SHINWARI, Afghanistan — Just as night was approaching a small car
went off the road and went down a 130-foot bank. The car rolled
multiple times sending three of the four passengers to a local
hospital. Though the owner was unharmed, the outlook was grim for the
recovery of his car, as in the remote village of Shinwari in the
Parwan District of Afghanistan; there is no local towing service.
Fortunately, the Soldiers of Troop A, 1-172nd Cavalry Squadron, 86th
Infantry Brigade Combat Team (Mountain) happened to be in the area for
a leaders meeting, and when the village elders turned to them for
help, they soon found themselves providing a solution to a daunting
“We were at the Afghan national army compound and they asked us if we
could help,” said SFC Todd Gagnon an infantryman, from Alexandria,
N.H., and a U.S. Army Mountain School Instructor.
By the time they got to the scene a small crowd had formed to see what happened.
“We went and looked at it, and it was at least a 130-foot drop but it
was easy with these [Mine Resistant Ambush Protected All Terrain]
vehicles,” said Gagnon.
As the Soldiers set out to retrieve the car, Gagnon stationed his MATV
to stop traffic and use the winch installed on the front of the
vehicle. Another MATV was stopping traffic in the other direction
while Gagnon headed down the embankment.
“The hardest thing was using the cables, it was a small car and only
one place to hook it up and that broke about ten feet from the top but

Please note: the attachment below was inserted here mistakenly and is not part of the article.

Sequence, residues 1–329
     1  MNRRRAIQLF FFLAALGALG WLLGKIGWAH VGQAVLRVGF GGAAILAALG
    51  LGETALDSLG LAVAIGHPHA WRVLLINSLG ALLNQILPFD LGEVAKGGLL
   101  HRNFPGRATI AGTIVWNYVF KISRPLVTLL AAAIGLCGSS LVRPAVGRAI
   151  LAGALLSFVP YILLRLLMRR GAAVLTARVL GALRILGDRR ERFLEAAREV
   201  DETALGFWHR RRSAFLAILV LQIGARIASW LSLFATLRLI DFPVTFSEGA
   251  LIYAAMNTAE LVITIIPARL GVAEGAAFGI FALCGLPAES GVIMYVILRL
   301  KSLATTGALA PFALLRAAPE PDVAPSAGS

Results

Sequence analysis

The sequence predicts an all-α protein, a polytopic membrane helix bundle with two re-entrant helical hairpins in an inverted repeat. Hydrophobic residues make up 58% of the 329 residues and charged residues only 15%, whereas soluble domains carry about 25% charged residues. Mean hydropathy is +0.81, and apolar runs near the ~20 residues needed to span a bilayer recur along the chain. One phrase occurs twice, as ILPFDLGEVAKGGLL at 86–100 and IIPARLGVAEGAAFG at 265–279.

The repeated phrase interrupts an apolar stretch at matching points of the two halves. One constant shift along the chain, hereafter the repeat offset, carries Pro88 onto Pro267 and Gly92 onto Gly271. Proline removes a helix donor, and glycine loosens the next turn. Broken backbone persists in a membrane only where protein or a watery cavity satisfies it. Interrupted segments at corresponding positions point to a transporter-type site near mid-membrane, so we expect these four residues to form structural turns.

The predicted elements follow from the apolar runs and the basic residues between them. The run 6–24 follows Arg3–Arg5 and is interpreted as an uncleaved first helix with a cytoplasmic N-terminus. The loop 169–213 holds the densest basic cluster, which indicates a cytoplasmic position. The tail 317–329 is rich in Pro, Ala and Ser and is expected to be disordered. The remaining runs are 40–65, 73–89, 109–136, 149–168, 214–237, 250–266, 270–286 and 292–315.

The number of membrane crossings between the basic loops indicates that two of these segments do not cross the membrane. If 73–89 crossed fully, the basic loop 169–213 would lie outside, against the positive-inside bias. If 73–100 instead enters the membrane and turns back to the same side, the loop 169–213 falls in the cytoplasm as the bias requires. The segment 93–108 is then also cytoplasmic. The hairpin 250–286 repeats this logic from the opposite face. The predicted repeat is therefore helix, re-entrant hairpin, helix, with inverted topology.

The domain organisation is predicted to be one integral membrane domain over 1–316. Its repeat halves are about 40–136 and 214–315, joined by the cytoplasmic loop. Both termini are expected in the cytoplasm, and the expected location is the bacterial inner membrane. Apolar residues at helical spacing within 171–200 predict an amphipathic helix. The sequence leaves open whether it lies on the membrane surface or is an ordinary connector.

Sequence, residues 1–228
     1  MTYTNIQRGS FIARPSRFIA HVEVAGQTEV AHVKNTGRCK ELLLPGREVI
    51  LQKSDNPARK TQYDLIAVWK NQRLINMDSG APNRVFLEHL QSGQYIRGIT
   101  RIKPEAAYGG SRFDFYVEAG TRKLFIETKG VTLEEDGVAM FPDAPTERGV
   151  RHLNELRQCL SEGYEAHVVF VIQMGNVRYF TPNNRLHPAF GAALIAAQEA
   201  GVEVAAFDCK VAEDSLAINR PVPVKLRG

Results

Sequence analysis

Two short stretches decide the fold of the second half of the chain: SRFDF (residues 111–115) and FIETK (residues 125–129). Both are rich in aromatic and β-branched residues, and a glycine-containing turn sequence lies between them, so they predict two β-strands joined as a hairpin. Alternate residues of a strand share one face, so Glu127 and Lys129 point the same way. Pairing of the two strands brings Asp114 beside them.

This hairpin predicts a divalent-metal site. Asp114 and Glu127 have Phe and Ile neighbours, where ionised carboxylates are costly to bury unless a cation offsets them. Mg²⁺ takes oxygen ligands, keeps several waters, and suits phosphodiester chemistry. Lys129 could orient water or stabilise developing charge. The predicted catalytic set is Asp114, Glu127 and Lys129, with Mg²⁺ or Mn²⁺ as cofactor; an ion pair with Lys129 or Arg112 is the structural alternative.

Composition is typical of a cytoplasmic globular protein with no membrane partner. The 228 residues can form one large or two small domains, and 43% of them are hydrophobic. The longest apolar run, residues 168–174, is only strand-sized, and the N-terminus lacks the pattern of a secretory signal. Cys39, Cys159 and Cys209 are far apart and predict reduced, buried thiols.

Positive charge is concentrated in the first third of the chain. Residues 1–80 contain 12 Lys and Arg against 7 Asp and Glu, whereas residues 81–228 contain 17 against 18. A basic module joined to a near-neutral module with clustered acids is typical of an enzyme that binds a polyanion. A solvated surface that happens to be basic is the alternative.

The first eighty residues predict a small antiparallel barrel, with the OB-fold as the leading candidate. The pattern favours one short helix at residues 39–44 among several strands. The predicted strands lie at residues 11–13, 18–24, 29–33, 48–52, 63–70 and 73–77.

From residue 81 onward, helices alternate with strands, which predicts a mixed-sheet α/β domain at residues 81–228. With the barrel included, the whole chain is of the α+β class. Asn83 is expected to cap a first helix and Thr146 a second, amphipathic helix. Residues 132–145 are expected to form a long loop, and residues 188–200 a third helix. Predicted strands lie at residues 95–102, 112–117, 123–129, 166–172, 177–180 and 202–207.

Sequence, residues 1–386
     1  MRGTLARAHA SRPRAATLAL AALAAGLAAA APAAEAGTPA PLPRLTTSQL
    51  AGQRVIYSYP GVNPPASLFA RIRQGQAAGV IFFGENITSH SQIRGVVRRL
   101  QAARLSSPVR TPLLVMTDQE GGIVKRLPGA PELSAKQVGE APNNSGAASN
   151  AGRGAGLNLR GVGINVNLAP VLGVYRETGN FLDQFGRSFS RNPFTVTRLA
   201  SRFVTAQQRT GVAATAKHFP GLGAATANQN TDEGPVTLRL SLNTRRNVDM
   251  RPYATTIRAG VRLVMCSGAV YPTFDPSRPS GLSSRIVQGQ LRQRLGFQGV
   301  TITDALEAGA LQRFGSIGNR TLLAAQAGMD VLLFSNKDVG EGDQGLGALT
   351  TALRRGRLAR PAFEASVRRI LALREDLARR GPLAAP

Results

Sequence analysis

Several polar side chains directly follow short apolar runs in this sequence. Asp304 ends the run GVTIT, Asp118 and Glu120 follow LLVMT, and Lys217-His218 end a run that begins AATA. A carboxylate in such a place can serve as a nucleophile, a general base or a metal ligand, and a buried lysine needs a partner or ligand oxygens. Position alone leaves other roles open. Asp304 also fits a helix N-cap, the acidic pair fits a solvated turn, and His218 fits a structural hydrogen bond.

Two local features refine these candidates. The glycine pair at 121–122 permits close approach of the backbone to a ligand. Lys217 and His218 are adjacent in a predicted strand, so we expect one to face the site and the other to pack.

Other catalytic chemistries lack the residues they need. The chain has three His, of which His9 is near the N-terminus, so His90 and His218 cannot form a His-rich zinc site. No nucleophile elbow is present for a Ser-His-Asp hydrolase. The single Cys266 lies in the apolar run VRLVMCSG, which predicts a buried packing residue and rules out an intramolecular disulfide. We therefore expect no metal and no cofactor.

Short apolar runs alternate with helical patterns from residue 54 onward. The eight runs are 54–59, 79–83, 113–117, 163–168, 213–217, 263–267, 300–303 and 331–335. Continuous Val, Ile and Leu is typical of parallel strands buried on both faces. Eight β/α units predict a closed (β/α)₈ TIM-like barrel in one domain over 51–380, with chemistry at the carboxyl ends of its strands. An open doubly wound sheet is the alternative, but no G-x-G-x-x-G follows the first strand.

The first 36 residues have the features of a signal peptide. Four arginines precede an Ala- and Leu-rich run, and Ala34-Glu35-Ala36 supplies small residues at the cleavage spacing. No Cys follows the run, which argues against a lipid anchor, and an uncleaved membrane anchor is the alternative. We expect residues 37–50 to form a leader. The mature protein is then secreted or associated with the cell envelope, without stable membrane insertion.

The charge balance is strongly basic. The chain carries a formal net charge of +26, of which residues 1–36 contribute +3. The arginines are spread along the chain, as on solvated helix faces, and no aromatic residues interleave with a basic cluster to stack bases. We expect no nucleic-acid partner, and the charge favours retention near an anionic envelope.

we hooked it back up and pulled it up,” said Gagnon.
The crowd of onlookers grew as the car started to make its way back to
After they recovered the car, the Cavalry Soldiers, learned that that
they had saved the small town a lot of money in recovery costs.
“The interpreter said that we saved them about 1,400 U.S. dollars
because there is no wrecker service out there,” said Gagnon. “They
would have had to bring in a crane from a local jobsite, so that was a
good thing, and we enjoyed doing it for them,” added Gagnon.
When they finally got the car to the top of the ravine the Soldiers
were surprised when the owner was able to jump in and start his
vehicle back up.
“He jumped in when it was almost to the top and it started right up,”
said Gagnon. “Even though the windows were all smashed and the front
was a mess he did not have a scratch on him.”
They knew by the sheer size of the crowd that they were really helping
out the local community and they were strengthening their relationship
with the local Afghans.
“There was quite a lot of people there not just because we shut down
the street, but to see us pull this car out of the ditch.” Gagnon
said. “The interpreter could hear the crowd talking and saying
encouraging things the whole time we were pulling it out.”
Supervising the event was 1st Lt. Peter Burnham who was very pleased
with the performance of the team and the outcome for the citizens of
“They did an excellent job in the recovery of the car and helped out
the population,” said Burnham. “It just shows you that no matter what
mission you are on, you never know how it is going to turn out or what